Cores: 10 | Threads: 20 | Base Clock: 3.3GHz | Turbo Clock: 4.5GHz | Overclocking: Yes, 4.7GHz typical | L3 Cache: 13.75MB | TDP: 140W | PCIe 3.0 lanes: 44
The X299 platform is Intel's enthusiast offering, with current CPUs delivering up to 18-cores/36-threads. Such CPUs aren't needed for gaming (though if you have one, they'll work just fine). Instead, you get more cores and PCIe lanes. Even for SLI and CrossFire, the PCIe lanes are of marginal use, and you'll need to overclock to get the most out of such a setup. The good news is the Core i9-7900X is nearly as fast as the 8700K in games once both are overclocked, and it's often more than 50 percent faster in CPU limited workloads.
What sort of workloads need such a processor? If you're doing video editing, the 7900X can be more than 50 percent faster than the 8700K. It's also about 40 percent faster than the Ryzen 7 2700X (depending on what you're doing). Xeon processors are designed for professionals, and the Core i9 models improve clockspeeds and lower prices while targeting enthusiasts.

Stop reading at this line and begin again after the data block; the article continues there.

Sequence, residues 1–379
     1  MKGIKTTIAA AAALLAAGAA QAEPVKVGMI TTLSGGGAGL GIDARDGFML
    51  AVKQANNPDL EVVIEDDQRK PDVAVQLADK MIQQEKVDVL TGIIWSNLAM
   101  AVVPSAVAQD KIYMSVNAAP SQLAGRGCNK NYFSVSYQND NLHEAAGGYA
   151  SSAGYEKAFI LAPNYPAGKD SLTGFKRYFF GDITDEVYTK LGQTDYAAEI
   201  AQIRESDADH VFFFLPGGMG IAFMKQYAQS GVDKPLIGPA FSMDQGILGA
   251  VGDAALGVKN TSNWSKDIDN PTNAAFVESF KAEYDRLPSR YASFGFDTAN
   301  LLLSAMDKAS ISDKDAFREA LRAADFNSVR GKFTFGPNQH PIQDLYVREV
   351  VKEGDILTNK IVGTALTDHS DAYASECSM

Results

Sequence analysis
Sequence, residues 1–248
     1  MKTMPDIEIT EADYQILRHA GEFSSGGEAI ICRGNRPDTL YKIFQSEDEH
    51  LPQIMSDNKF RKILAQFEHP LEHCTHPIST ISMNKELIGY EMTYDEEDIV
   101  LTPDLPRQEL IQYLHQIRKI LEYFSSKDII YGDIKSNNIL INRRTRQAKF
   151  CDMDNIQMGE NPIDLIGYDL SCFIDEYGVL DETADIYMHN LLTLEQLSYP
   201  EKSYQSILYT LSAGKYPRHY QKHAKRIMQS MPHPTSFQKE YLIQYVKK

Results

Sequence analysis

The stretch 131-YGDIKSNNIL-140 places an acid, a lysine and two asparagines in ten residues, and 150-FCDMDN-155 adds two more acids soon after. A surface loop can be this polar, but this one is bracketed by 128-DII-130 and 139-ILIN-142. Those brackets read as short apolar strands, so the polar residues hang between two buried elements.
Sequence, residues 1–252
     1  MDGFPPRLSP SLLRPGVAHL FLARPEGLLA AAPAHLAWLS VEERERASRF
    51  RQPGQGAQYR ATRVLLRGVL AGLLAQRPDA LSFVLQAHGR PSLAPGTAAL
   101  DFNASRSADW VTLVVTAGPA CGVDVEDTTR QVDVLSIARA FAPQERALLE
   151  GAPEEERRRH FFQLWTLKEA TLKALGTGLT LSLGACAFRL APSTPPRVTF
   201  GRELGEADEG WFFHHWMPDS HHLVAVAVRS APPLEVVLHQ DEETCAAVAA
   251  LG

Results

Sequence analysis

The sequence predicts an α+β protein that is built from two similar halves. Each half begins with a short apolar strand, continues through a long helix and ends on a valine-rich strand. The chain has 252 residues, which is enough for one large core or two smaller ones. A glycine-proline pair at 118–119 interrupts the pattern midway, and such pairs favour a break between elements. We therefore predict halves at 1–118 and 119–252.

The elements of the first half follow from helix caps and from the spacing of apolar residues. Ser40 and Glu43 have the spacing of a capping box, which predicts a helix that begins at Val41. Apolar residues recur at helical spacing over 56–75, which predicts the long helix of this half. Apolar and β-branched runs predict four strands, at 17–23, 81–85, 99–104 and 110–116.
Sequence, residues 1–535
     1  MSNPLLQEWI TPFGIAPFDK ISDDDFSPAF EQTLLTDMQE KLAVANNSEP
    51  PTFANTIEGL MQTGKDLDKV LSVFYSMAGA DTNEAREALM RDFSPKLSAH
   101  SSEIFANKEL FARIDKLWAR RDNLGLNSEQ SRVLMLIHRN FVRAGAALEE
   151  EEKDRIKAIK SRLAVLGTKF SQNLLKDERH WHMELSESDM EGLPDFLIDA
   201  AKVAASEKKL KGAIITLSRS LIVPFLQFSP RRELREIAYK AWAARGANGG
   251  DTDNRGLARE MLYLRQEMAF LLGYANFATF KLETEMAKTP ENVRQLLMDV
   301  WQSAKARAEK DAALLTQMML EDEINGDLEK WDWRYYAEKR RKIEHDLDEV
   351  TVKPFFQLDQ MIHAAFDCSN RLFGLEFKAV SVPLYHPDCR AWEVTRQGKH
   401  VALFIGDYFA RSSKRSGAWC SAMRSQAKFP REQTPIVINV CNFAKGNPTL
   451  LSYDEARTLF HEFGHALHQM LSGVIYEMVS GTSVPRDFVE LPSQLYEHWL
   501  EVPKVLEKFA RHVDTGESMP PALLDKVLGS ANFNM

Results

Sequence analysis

Intel Core i9-7980XE
For professional work in the day, gaming on the side
Cores: 18 | Threads: 36 | Base Clock: 2.6GHz | Turbo Clock: 4.4GHz | Overclocking: Yes, 4.1GHz typical | L3 Cache: 24.75MB | TDP: 165W | PCIe 3.0 lanes: 44
Did you win the lottery and are looking for ways to blow your newfound wealth? Or did your work write you a blank check for a new workstation? Same difference, and if your livelihood depends on getting complex tasks done as quickly as possible, you might even be able to justify Intel's Core i9-7980XE. If you bill by the hour and can save hundreds of hours over the course of a year, look no further. Just don't pretend it's necessary for gaming.
Even with 80 percent more cores, the lower clockspeeds of each core make the 7980XE generally slower in games than the 7900X, which is in turn slower than an 8700K. Even in non-gaming heavily threaded applications it's still only about 30 percent faster than the 7900X—the law of diminishing returns is in full effect.
AMD Ryzen Threadripper 1950X
Excellent multi-core performance at a bargain price
Cores: 16 | Threads: 32 | Base Clock: 3.4GHz | Turbo Clock: 4.0GHz | Overclocking: Yes, 3.9GHz typical | L3 Cache: 32MB | TDP: 180W | PCIe 3.0 lanes: 64
An alternative to Intel's Core i9 products, AMD's Threadripper 1950X wins out in most professional applications, especially in terms of value. Currently selling for $699.99, for multi-threaded workloads it's up to 33 percent faster than the i9-7900X. The problem is that in gaming workloads, it's often slower than even 6-core Ryzen 5 parts (unless you enable Game Mode to disable half the cores, which requires a reboot).